John Edgar Wideman’s â€Å"Our Time†, and Patricia Nelson Limerick’s â€Å"Empire of Innocence†, are two very different stories about one particular theme. In these selections both authors are writing history. Wideman is writing the history of his brother’s life, and Limerick is writing the history of the old west. Although the theme is the same, the two authors’ styles, methods, and writing concerns differ greatly.   Ã‚  Ã‚  Ã‚  Ã‚  In the following passage from â€Å"Our Time†, John is visiting his brother, Robby, in prison. While listening to Robby’s story, John begins to question the type of book this project will become: The business of making a book together was new for both of us. Difficult. Awkward. Another book could be constructed about a writer who goes to a prison to interview his bother but comes away with his own story†¦.the inevitible conflict between his role as detached observer and his responsibility as a brother would be at the center of such a book. When I stopped hearing Robby and listened to myself listening, that kind of book shouldered its way into my consciousness. I didn’t like that feeling. That book compromised the intimacy I wanted to achieve with my brother. (Wideman p. 723) This passage stresses the concern Wideman expresses on how to make this book the type of book he wants to present. Later in the selection the answer to this problem appears.   Ã‚  Ã‚  Ã‚  Ã‚  Still listening to Robby’s story, John discovers their recollections of th...

Monday, January 13, 2020

Online Dating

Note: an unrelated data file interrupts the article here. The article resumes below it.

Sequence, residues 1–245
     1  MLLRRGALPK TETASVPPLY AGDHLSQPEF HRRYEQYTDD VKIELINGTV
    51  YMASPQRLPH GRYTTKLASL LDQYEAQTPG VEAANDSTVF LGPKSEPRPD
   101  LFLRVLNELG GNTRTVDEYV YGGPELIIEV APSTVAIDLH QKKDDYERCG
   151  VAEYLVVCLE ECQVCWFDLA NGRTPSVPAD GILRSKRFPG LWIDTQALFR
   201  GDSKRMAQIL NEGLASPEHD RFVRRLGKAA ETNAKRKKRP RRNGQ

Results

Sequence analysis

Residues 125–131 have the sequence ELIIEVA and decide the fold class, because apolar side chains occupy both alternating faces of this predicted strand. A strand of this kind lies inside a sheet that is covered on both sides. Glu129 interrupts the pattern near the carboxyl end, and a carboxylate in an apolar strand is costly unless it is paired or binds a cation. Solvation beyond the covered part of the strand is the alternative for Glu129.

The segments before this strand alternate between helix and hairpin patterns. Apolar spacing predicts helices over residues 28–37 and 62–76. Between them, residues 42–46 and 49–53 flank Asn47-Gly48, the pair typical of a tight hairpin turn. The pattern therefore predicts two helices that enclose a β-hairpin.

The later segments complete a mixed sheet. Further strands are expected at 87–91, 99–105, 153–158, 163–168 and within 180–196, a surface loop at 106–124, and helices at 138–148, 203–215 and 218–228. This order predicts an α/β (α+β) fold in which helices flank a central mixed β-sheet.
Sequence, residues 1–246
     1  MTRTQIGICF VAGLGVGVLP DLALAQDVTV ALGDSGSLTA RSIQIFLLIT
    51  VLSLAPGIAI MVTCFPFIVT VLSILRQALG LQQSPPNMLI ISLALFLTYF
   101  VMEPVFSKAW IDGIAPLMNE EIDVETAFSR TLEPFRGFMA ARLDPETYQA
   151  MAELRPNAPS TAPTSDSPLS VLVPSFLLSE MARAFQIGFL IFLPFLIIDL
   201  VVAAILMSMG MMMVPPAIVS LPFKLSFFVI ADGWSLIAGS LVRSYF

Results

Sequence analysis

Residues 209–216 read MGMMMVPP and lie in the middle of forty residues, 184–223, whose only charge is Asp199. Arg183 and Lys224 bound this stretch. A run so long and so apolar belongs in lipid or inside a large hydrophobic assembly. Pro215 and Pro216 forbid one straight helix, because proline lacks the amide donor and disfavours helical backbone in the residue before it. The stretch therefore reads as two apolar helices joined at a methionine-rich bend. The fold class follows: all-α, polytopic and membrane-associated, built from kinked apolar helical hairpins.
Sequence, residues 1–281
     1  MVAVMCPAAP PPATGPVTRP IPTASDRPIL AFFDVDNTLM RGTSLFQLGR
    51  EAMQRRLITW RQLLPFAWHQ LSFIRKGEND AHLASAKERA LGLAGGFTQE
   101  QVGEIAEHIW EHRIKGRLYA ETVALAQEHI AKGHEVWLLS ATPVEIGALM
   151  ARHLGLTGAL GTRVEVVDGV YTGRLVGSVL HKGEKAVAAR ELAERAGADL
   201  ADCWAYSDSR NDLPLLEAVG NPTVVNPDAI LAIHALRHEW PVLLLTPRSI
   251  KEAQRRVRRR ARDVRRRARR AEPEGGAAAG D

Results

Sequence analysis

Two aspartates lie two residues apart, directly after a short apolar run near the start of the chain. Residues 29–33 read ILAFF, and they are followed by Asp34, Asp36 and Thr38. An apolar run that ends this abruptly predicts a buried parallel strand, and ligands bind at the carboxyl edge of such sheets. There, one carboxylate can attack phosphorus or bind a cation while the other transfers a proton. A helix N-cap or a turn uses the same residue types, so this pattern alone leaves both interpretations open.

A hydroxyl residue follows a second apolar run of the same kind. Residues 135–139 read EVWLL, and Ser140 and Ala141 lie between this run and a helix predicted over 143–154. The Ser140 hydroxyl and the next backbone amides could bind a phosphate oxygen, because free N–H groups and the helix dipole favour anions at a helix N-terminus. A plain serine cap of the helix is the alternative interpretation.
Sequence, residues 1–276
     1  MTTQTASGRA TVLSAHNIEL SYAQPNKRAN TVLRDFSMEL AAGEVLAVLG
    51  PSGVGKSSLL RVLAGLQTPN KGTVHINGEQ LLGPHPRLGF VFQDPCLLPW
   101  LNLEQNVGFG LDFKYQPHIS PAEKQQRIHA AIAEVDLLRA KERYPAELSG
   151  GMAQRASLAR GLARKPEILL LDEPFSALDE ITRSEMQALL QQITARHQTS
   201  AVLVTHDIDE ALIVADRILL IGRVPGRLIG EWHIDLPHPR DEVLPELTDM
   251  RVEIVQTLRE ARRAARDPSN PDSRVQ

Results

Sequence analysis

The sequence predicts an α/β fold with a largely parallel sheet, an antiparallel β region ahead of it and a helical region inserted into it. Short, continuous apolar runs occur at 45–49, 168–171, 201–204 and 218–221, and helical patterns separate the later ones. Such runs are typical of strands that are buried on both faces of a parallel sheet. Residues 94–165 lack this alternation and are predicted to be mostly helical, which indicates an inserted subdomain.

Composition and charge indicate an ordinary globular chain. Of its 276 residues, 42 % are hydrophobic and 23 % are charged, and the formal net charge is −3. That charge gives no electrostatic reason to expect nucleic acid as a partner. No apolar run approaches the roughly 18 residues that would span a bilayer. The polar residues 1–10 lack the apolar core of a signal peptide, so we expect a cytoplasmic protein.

Online Dating â€Å"Are you ready to find the love of your lifer, â€Å"Experience the difference†, â€Å"Someone special is already waiting for you† are all different things you might hear on an online dating commercial, but is it really as good as they say? According to a study conducted by the Washington Post and PC World not even 20% of the connections made on these websites turn into committed relationships. Conventional dating is much safer and efficient than online dating in finding someone one actually wants to be with.Online dating may seem easier than conventional dating, but is that actually true? When diving into the world of online dating one cannot be completely sure that they are actually talking to that person. It could be someone acting as another person, or even a sex offender. Over 10% of all online dating users are considered to be sex offenders according to Reuters. Anyone can set up an online dating account whenever they please, and that can turn out to be dangerous because one never truly knows who they are connecting with.Conventional dating on the ther hand is usually much safer and there are multiple benefits to it that online dating doesn't have. The obvious benefit to conventional dating is that one is with that person face to face. It is very difficult to lie about height, weight, and age if the conversation is face to face, unlike online dating. According to a study most men lie about their height, weight, and income while women usually lie about their weight, physical build, and age. The odds are that your date will not be lying about their physical appearance on a face to face date.